Yesterday, today and tomorrow Kappa Alpha Theta exists to nurture each member throughout her college and alumnae experience and to offer a lifelong opportunity for social, intellectual and moral growth as she meets the higher and broader demands of mature life.
Indiana Asbury officially opened its doors to women in 1867, but not without great uproar from the male students. The first women students at Indiana Asbury were looking for ways to make friends and find support and encouragement for their academic pursuits. They were reviled by their teachers, taunted by their classmates, and ignored by their girlhood friends who did the "right" thing and attended conservatories for girls. Among these students were Bettie Lock Hamilton, Alice Allen Brandt, Bettie Tipton Lindsey, and Hannah Fitch Shaw. It took these brave pioneers three years to found Kappa Alpha Theta, the first Greek-letter Fraternity known among women.
There were societies for women before 1867, and some of these had secret rituals with badges, passwords, mottos, and other symbols. But in 1870, Theta became the first women's Greek-letter fraternity because its primary founder, Bettie Locke, wanted full membership in a male fraternity. When the men asked her to wear their fraternity badge as a "mascot," she responded, "If you won't initiate me into your fraternity, I'll start my own." Thus, Kappa Alpha Theta was established on January 27, 1870. The Chi Chapter at Syracuse University was established in 1890.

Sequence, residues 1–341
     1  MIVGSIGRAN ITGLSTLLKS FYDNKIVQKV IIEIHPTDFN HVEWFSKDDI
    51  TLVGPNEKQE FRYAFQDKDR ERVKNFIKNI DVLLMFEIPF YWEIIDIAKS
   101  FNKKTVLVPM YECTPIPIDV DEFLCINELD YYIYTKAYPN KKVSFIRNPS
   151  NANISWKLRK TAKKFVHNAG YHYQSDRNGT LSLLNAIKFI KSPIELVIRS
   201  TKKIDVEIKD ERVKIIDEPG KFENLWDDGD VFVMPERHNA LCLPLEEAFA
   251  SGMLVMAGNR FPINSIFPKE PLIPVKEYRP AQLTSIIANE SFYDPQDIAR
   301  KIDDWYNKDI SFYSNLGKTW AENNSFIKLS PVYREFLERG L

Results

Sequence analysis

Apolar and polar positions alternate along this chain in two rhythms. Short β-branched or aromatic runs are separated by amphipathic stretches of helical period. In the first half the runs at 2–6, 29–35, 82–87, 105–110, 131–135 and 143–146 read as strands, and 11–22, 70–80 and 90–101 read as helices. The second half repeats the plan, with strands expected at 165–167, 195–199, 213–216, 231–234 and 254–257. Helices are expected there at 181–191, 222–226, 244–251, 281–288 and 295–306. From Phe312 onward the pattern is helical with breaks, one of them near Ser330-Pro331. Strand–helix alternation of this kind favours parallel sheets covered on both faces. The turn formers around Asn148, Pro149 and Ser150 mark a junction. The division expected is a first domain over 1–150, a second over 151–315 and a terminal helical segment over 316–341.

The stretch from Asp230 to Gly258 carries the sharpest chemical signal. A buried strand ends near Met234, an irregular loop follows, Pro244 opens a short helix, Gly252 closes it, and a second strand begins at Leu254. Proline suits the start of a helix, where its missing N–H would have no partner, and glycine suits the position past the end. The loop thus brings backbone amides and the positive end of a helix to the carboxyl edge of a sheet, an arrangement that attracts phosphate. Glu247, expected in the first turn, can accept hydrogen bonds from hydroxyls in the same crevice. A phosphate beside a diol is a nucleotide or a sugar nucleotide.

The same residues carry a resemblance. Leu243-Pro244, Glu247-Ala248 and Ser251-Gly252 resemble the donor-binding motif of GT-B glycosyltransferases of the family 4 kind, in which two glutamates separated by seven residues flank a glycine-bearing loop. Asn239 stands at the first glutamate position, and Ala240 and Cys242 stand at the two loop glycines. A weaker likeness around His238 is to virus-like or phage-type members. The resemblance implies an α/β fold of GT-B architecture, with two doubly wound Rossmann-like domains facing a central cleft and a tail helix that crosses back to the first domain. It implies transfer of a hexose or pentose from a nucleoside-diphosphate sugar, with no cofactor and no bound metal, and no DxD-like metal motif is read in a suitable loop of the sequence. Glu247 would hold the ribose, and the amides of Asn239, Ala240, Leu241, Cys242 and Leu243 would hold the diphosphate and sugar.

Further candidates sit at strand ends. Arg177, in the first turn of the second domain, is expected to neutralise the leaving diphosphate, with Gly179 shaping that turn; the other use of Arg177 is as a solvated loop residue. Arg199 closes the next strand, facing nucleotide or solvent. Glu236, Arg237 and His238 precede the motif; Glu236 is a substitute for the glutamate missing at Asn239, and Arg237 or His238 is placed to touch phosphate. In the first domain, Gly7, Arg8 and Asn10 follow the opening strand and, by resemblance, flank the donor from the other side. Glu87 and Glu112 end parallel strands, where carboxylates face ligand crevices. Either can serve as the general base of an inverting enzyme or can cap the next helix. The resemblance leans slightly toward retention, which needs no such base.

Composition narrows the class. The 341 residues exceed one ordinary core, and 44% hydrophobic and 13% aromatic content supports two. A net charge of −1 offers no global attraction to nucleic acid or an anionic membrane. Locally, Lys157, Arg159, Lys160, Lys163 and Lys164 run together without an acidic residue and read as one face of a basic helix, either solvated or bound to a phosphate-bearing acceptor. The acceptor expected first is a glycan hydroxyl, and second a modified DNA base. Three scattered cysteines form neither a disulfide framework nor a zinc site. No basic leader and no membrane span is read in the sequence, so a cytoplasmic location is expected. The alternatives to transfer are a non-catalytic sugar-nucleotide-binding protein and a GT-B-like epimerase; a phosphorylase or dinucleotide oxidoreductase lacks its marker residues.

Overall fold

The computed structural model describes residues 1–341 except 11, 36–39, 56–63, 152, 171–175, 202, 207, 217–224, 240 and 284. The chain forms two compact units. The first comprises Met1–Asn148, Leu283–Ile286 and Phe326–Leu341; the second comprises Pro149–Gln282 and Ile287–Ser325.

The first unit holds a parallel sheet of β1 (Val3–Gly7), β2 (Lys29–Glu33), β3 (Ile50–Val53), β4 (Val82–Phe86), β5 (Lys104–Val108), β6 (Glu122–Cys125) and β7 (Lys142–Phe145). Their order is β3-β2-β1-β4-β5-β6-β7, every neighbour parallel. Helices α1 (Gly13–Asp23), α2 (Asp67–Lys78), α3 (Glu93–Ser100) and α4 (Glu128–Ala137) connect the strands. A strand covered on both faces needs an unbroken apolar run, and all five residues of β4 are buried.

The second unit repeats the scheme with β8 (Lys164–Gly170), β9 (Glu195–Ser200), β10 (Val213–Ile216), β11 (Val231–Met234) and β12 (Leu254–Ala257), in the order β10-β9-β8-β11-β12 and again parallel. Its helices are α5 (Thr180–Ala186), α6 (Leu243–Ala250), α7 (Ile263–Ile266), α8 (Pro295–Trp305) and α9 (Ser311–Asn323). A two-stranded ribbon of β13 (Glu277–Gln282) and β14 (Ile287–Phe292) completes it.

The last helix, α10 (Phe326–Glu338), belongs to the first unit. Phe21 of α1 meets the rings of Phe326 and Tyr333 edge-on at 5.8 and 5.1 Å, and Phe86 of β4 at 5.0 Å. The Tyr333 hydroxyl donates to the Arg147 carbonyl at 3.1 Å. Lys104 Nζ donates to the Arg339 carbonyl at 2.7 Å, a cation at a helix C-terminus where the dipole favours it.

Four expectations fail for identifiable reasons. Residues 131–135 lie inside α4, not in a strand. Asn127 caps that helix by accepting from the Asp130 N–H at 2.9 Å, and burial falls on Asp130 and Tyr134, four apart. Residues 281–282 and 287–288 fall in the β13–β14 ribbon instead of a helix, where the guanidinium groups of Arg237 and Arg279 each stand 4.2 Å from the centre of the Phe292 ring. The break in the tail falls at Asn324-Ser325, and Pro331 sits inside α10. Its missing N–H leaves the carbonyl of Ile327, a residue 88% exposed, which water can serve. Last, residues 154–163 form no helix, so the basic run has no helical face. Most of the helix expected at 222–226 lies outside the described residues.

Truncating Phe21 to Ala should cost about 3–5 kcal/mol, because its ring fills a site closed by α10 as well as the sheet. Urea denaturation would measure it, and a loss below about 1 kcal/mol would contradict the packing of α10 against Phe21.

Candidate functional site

Since March 14, 1870 when Bettie Locke, Alice Allen, Bettie Tipton, and Hannah Fitch first wore their new badges to chapel at Indiana Asbury, the kite-shaped pin has been a symbol of membership in Kappa Alpha Theta Fraternity. The final design for those first badges was simple but elegant. At one inch by three-quarters of an inch, they were slightly larger than the current standard badge. The badge of 1870 contained many of the markings found on today’s badges: the white chevron with the Greek letters and two stars. From the standard plain badge to emeralds and pearls, members can choose from a variety of different stone options, as well as metal qualities, to personalize their badge.
A Very Very Very Fine House
Designed and built in 1928 by Marjorie Wright, the Chi chapter house was designed specifically with Thetas in mind. With kites in the windows, decor, and infrastructure, 306 Walnut Place has housed 30 sisters each year and been our home for over 125 years. Watching television in the KT, studying in the living room, or eating chef Carol's delicious food, we're always spending together in the gingerbread house. Our newly renovated second and third floor bathrooms, as well as an updated kitchen serving area and coat room, making living in Theta a once in a lifetime experience.
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